Behind every restaurant industry big name, high-profile restaurateur or Michelin-starred chef is a hard-working chef heading up a kitchen with someone else's name above the door - this month BigHospitality celebrated those hidden heroes with a video investigating the lives of the chefs behind the chefs.
Restaurant magazine invited eight leading chefs who work for well-known personalities such as Heston Blumenthal, Sat Bains, Simon Rogan and Marcus Wareing to a photo shoot in an East London studio.
BigHospitality was there to quiz four on how their role with their boss works on a day-to-day basis, what lessons have passed between employer and employee and whether they secretly harbour ambitions to move out of the shadows and into the limelight.
Depending on the industry, TV or other commitments of their boss, the chefs cooking behind stoves belonging to someone else have differing levels of autonomy.
"Heston is quite busy but he is still there and he is still in Bray quite often," Jonny Lake, head chef at The Fat Duck, explained. "We have scheduled tastings in terms of development work where we start with him then progress the idea ourselves and then have tastings with him to make sure everything is going the way we want it to go."
While Chris Gillard, head chef at St John, is very much in charge of the Clerkenwell venue and single-handedly delivers Fergus Henderson's vision, Marcus Wareing is much more in control of small details at his restaurant at The Berkeley as Darren Velvick, executive chef there, revealed.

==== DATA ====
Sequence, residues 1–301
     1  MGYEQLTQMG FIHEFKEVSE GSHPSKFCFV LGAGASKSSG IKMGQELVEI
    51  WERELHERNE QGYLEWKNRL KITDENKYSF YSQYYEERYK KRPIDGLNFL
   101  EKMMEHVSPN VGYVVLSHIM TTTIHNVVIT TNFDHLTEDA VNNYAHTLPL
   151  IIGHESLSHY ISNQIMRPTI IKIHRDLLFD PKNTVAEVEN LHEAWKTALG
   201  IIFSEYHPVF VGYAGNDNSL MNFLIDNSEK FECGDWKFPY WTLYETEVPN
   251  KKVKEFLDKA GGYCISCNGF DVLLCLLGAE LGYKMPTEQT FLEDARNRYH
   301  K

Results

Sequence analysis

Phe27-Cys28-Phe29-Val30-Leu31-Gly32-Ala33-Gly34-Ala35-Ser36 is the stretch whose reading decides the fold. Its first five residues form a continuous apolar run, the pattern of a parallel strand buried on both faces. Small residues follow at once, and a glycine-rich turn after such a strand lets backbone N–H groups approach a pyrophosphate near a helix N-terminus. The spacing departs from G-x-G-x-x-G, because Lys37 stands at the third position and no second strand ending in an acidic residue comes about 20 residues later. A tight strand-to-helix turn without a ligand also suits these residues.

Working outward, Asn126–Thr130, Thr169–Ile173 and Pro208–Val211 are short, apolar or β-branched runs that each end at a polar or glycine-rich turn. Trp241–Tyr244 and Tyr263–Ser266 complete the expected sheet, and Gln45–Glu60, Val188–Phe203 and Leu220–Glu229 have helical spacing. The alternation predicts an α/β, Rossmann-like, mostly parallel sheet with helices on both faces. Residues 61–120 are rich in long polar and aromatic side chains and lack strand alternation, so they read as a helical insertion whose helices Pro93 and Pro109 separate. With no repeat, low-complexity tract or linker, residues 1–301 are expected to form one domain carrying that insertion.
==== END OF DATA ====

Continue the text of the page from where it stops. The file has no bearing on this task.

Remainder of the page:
"He is a very focused man, very driven, He just doesn't stop looking for faults - even if as a chef you think the kitchen is spotless he will always find something. Sometimes it is really annoying but that is why he is where he is."
Some of these chefs have worked under a big-name personality for more than 10 years - so do they not wish they cooked somewhere where they received all the plaudits?
The answers might surprise some people in the industry.
While Mark Birchall, head chef at Simon Rogan's L'Enclume, says every chef's ambition is to operate their own restaurant, Gillard is happy continuing to improve the St John offer and Lake said the draw of being able to work with the high level of staff, recipes and equipment at The Fat Duck would keep him in Bray for now.
"I think I am getting to a period in my life where I have worked behind the scenes for Marcus and now it is time for me to start profiling myself," Velvick said revealing his hope to follow in the footsteps of Ashley Palmer-Watts at Dinner.
To hear the thoughts of the number two chefs in full watch the video above or read the Restaurant magazine feature in the October edition of the mag - to subscribe to Restaurant, click here.